Explore the Small Towns Along the Mississippi River in Wisconsin
Befitting a river as great as the Mississippi, there’s a wealth of charming places to visit along its banks in Wisconsin, including restored historic homes, one-of-a-kind museums, and serene state parks and forests. Here, we offer a number of fun things to do along the banks of the Mississippi River.
Not-to-be-missed Places to Visit Along the Mississippi River:
- Villa Louis
- Shrine of Our Lady of Guadalupe
- Chippewa Valley Museum
- Amnicon Falls State Park
Duration: 4 Days
Ideal For: All
Day 1: A magnificent church, an auto museum and more things to do along the Mississippi River
Your tour follows the internationally recognized migration of waterfowl as you make your way to Prairie du Chien, which offers river cruises, historic sites and events, and unique shopping and dining experiences. Tour a meticulously restored Victorian country estate at Villa Louis, located on the banks of the Mississippi River. Drive along the Great River Road, designated as a National Scenic Byway, as you make your way to La Crosse. Bald eagle sightings are common as you wind your way north with breathtaking views of the river valley and bluffs beyond. Discover the magnificent Shrine Church, Candle Chapel and paved trails through statues and gardens at the Shrine of Our Lady of Guadalupe, open year-round with a cafe and gift shop.
La Crosse and the region offer stunning landscapes with abundant things to do. Take a stroll down memory lane and immerse yourself in the rich history of the automobile at the Dahl Auto Museum. The city is alive with shops, restaurants, heritage sites, and churches and museums.
Day 2: A historic baseball stadium and a logging camp museum
After you have fully explored the La Crosse Region, head north and west to Tomah to tour the cranberry bogs, experience Amish country and shop in locally owned boutiques. Wisconsin’s four seasons provide ever-changing scenic delights for your next stop in Cadott at Cabin Ridge for lunch and a delightful ride through the woods on a horse-drawn carriage. Enjoy serene wooded trails lined with delicate spring and summer flowers, glorious autumn colors or sparkling, snow-laden trees. Head east to Eau Claire, where the Eau Claire and Chippewa rivers meet. A vibrant college town, Eau Claire has experienced a renaissance in historic and cultural areas and interesting restaurants. Visit Carson Park, the historic baseball stadium where Hank Aaron played. Learn about the early settlers and logging industry at the Chippewa Valley Museum and Paul Bunyan Logging Camp Museum.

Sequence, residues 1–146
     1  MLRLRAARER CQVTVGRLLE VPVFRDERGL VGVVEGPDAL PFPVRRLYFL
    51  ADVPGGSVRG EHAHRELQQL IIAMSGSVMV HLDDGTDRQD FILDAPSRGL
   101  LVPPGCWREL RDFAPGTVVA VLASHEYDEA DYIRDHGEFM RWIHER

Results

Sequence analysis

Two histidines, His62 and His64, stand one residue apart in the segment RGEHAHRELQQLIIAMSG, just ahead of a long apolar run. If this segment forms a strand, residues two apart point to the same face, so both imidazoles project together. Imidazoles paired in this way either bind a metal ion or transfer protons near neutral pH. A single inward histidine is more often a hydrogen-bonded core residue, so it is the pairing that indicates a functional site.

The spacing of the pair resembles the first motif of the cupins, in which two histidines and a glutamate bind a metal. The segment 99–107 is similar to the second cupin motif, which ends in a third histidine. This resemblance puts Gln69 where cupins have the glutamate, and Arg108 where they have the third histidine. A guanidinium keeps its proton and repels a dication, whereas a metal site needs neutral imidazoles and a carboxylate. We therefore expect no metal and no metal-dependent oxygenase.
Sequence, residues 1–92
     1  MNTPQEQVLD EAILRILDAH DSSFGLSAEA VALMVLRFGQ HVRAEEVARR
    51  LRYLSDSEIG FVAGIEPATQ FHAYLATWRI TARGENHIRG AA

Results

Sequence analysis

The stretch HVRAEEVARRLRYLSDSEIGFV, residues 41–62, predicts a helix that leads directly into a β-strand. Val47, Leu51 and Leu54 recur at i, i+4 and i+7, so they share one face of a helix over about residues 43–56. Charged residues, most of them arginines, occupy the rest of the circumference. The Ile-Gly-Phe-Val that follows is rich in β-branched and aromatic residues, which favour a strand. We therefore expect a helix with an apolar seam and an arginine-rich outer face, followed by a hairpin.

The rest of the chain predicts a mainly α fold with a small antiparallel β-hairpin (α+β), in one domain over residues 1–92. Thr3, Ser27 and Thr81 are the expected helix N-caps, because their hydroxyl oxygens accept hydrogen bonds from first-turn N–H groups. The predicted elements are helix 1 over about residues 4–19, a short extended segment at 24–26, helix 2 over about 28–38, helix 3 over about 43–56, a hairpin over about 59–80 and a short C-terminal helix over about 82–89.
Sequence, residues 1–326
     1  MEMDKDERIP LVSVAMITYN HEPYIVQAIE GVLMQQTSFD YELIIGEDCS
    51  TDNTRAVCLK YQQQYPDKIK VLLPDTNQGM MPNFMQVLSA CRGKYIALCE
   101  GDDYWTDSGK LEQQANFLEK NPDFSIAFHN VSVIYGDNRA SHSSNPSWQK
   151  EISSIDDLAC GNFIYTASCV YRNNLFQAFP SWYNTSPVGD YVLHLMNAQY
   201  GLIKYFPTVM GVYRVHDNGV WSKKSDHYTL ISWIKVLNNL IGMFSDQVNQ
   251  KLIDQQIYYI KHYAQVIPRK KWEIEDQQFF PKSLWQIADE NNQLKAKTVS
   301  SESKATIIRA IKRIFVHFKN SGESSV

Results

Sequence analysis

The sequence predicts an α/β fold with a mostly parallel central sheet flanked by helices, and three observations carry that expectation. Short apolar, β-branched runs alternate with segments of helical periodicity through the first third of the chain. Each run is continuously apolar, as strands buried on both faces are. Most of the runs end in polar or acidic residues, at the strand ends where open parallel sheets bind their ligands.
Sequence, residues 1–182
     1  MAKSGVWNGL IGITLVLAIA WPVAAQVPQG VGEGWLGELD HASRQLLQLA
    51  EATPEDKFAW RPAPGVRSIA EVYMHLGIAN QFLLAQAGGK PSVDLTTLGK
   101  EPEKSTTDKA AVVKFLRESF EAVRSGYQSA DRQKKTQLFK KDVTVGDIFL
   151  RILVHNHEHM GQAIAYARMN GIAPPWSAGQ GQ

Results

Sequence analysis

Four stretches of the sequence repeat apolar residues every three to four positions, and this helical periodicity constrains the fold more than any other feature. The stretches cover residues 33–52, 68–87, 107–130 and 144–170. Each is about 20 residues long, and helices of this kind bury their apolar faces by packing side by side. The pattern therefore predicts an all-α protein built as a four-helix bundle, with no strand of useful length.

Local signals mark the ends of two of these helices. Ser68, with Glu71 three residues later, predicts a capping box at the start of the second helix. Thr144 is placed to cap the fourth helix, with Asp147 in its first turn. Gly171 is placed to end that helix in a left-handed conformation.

Day 3: A ride on a vintage train, a one-of-a-kind fish hatchery and more things to do along the Mississippi River
As you drive north, your first stop is at the Pioneer Village Museum, nestled in the pines in Cameron. You will find the village offers both a delight to the eye and a true educational experience with over 40 buildings to explore, including a shop with antique toys. On your way to Washburn County make a stop at the Namekagon River Visitor Center. Enjoy an excursion on the Great Northern Train Ride, family-owned and -operated for the last 20 years in Spooner.
Next stop is the Wisconsin Department of Natural Resources’ Spooner Fish Hatchery – the largest of its kind in the state. Browse the Visitors Center with interactive learning stations. Take the Black River Scenic Byway to enjoy waterfalls as rivers race northward toward Lake Superior.
Day 4: The beauty of Lake Superior, a historic mansion and more fun activities along the Mississippi River
No tour to Wisconsin’s Northwoods would be complete without visiting Superior & Douglas County. The beauty, power and vastness of Lake Superior have inspired songwriters, poets, artists, writers and photographers. One of the most highly photographed landmarks is the Superior Entry Lighthouse. Tour a historic mansion, firehouse, police museum and historic whaleback ship. Take time to visit Amnicon Falls State Park, voted Wisconsin’s “State Park Treasure,” and Pattison State Park, which features Wisconsin’s highest waterfalls.
Take a scenic drive through a part of the Chequamegon National Forest to Hurley, located on the border of Wisconsin and Michigan’s Upper Peninsula. Known as a wild outpost back in the days of the region’s iron mining in the 1800s, it is visited today for the glorious waterfalls on the Montreal River. The city’s 19th century courthouse, listed on the National Register of Historic Places, is a museum devoted to the area’s rich mining, logging and farming heritage.
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